A few times per week (or less!)  Be mindful of foods with added sugar; this includes  soda, many packaged foods, and sweets and  desserts.

Shifting your Diet Effectively and Economically

Changing your diet can feel overwhelming, and habit change takes time. The best way to start? Add in one healthy habit to your current diet each week; here are some easy examples to get you started:

  • Learn basic¬†cooking skills¬†like how long to boil green beans or bake fish and chicken.
  • Reduce fast food consumption and dine out less frequently.
  • If red meat is a staple in your diet, switch it out for fish one or two times/week and cut your red meat portions in half.
    • Whitefish like haddock and cod are inexpensive options; canned tuna or salmon are convenient & budget-friendly but should be limited to 1-2x/week.
  • Use herbs and spices (especially fresh herbs like basil, rosemary, oregano) instead of salt to add flavour to foods.
    • Dried herbs are inexpensive and have a long shelf life, making them a great staple to add to your cupboard.
  • Cook with olive or avocado oil instead of butter or oils that are high in saturated fat (red meat, whole fat dairy, butter, lard).
    • Try topping your salads with 1 tbsp of olive oil or lemon juice rather than salad dressings.
  • Try using mashed avocado or hummus rather than mayonnaise on sandwiches or as a dip for veggies.
    • Making hummus at home is simple and inexpensive! Check out this¬†great recipe¬†to make it yourself.
  • Top your salad with seeds and nuts rather than cheese.
    • Try sunflower or pumpkin seeds for a budget-friendly salad topper.
  • Switch out your white bread or pasta for whole-grain alternatives and white rice for brown rice or quinoa.
    • Oats are an inexpensive and high fibre grain that can be used as an alternative to flour in baking and on their own as a nutritious breakfast.
  • Add 1-2 tbsp of ground flaxseed to oats, low-fat yogurt, and smoothies.
    • Buying whole flax seeds and grinding them yourself (with a small blender or coffee grinder) is a more economical way of including these in your diet.
  • Choose one day a week that will be ‚Äėmeatless.‚Äô Try a pasta sauce with lentils rather than ground beef, or switch out your morning bacon and eggs for steel-cut oats and berries.
    • Vegetarian proteins are budget-friendly! Dried beans like lentils or chickpeas are a much cheaper alternative to animal proteins.
  • Have a sweet tooth? Try a piece of fruit for dessert instead of a piece of cake. A handful of berries, a banana with almond butter, or a few pieces of dried fruit can satisfy the craving.
    • Frozen berries like blueberries and raspberries are a convenient and economical way to curb cravings!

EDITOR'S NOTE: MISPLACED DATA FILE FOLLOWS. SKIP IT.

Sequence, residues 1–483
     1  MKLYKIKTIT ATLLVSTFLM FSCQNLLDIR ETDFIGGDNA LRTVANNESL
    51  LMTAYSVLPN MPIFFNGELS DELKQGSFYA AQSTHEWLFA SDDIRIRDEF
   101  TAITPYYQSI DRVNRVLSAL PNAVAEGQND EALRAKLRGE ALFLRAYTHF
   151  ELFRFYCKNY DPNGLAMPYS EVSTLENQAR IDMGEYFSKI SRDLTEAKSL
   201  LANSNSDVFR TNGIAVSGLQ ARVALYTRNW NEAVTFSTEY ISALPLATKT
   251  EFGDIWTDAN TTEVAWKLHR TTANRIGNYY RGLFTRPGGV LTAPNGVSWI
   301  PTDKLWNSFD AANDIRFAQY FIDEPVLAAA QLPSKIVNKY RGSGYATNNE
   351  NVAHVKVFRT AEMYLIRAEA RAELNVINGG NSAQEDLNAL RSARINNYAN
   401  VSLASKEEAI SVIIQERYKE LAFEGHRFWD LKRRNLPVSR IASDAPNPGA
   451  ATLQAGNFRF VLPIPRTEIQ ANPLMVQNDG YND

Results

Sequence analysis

A safe and effective natural product for healthy blood pressure and cardiovascular health.


Snacks to Keep you on Track

One of the most challenging parts of a whole foods diet is finding quick and satisfying snacks to keep you full between meals and on the go! Here are three simple and delicious ideas to make the transition easier.

  1. Raw vegetables and hummus. Cut up carrots, celery and peppers and keep them in a jar with some water in the fridge (this helps keep them fresh!). Dip them in 1-2 tbsp of hummus for a satisfying and healthy snack!
  2. Apple slices and almond butter. A quick snack that may also help satisfy your sweet tooth try adding a sprinkle of cinnamon or cocoa powder for extra flavour and fun!
  3. DIY trail mix. Use a mixture of your favourite seeds and nuts like walnuts, sunflower seeds, pumpkin seeds, almonds, plus add in a few raisins, cranberries or other dried fruits. Trail mix is a great option to keep in your car, desk drawer or purse for on-the-go snacking.

More than Just a Diet 

The Mediterranean diet is more than just what you put into your body. It’s also about the lifestyle that accompanies it. Lifestyle includes consuming reasonable portion sizes (see the table above for more information), being mindful while eating (ex. sitting down, not watching TV, or using your phone), and eating with others. It also includes movement, including 150 minutes of moderate to vigorous exercise/week is critical for heart health and overall wellbeing. Exercise includes walking, cycling, swimming, gardening, and even vacuuming! Take a page from our Mediterranean neighbours and make movement part of your everyday life.


  1. Rees K, Takeda A, Martin N, Ellis L, Wijesekara D, Vepa A, Das A, Hartley L, Stranges S. Mediterranean-style diet for the primary and secondary prevention of cardiovascular disease. Cochrane Database of Systematic Reviews 2019, Issue 3. Art. No.: CD009825. DOI: 10.1002/14651858.CD009825.pub3
  2. De Pergola G, D’Alessandro A. Influence of Mediterranean Diet on Blood Pressure. Nutrients. 2018;10(11):1700. Published 2018 Nov 7. doi:10.3390/nu10111700
  3. Bundy JD, Li C, Stuchlik P, et al. Systolic Blood Pressure Reduction and Risk of Cardiovascular Disease and Mortality: A Systematic Review and Network Meta-analysis. JAMA Cardiol. 2017;2(7):775-781. doi:10.1001/jamacardio.2017.1421
  4. Baum, I. (2021, June 28). Here’s what a healthy plate looks like on the Mediterranean diet. Well+Good.

Important Information

Always consult with your healthcare provider before making changes to your blood pressure management plan. PreCardix¬ģ does not treat, cure, or prevent medical conditions. Measure and monitor blood pressure regularly. Know the signs of heart attack and stroke.

Do not take PreCardix¬ģ if you are pregnant, breastfeeding, have renal artery stenosis, have a history of angioneurotic edema, or have a shellfish allergy. Consult product guidelines for additional information. Print and share the product monograph with your healthcare provider.

PreCardix¬ģ is an innovation of Marealis Inc. a Norwegian Bio-Tech company dedicated to finding natural, sustainable, and effective marine-based solutions for blood pressure health, globally. Designed in Norway. Manufactured in North America.